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On the Philippines’ ‘fake news’ problem


Senator Jose Pimentel Ejercito, Jr., more widely known as Jinggoy Estrada, has filed a bill (Senate Bill No. 1296) that would amend the Cybercrime Prevention Act of 2012 (Republic Act 10175) to include “fake news” among the many offenses the Act penalizes.

The Estrada bill defines “fake news” as “misinformation and disinformation of stories (sic) which is (sic) presented as a (sic) fact, the veracity of which cannot be confirmed, with the purpose of distorting the truth and misleading its (sic) audience.”

The grammatical lapses of its “definition” are not the only infirmities of the latest bill criminalizing the dissemination of false information.

The use of the term “fake news,” is one. It was popularized by former US President Donald Trump and his minions in their tirades against the media. But the phrase is an oxymoron — a contradiction in terms.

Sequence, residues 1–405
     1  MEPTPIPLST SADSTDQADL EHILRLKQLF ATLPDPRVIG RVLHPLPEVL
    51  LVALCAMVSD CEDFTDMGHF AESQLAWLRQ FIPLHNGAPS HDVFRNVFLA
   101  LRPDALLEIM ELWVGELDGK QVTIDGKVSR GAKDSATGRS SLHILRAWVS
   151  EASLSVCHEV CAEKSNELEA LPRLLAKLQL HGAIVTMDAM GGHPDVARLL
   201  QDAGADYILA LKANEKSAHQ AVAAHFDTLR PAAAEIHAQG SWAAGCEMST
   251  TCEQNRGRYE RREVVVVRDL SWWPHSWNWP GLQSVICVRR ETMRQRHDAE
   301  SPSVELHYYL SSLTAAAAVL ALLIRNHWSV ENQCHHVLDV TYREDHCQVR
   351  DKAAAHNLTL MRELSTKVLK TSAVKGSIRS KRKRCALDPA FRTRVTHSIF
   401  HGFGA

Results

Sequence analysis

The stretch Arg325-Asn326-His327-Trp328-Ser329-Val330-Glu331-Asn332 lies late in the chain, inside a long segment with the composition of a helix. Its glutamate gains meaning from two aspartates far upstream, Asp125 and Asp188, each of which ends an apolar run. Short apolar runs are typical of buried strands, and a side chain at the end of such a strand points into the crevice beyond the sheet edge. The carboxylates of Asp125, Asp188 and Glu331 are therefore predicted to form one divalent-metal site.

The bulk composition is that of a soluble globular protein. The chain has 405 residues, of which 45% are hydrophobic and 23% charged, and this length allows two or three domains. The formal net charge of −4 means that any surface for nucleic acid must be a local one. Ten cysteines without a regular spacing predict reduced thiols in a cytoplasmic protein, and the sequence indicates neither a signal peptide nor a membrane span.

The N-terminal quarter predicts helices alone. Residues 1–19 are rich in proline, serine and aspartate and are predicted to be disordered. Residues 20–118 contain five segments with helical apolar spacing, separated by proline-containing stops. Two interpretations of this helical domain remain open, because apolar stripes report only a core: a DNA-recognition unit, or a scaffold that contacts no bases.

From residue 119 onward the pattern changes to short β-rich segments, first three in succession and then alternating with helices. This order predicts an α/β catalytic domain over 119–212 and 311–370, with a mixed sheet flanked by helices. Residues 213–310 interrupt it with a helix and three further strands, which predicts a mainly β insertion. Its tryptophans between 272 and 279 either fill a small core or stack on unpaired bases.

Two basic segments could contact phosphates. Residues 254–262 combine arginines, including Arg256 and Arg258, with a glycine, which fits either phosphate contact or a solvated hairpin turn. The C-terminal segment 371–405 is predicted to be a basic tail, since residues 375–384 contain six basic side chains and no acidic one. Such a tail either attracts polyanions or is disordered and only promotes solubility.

If a piece of supposed information is false, it is not news; and if it is news, it is by definition accurate. For instance, if not verified, a newspaper account that claims that University of the Philippines students are being recruited by New People’s Army agents among the staff is not “fake news”; simply false information. But another report that the Department of Health has declared residents of the National Capital Region as once again at moderate risk of COVID-19 infection would be news if its accuracy has been established through interviews, documentation, and those other means available for journalists to confirm the truthfulness of their reports.

The “fake news” oxymoron has nevertheless been legitimized in public discourse among other reasons because it has been used in the US and elsewhere to attack the media as supposedly deliberate purveyors of false, misleading, or distorted information.

The media, whether old (print, television, radio, film) or new (online news sites, blogs, social media), do at times fall short of providing accurate and meaningful information on issues and events of public concern. In some instances, as we saw during the last campaign and election, they do so intentionally in behalf of advancing a pre-determined end such as convincing their audiences that they should support this or that candidate. But it is also true that many media practitioners exert every effort to get at the truth and to report it despite such difficulties as being barred from covering a public event or even being threatened with physical harm.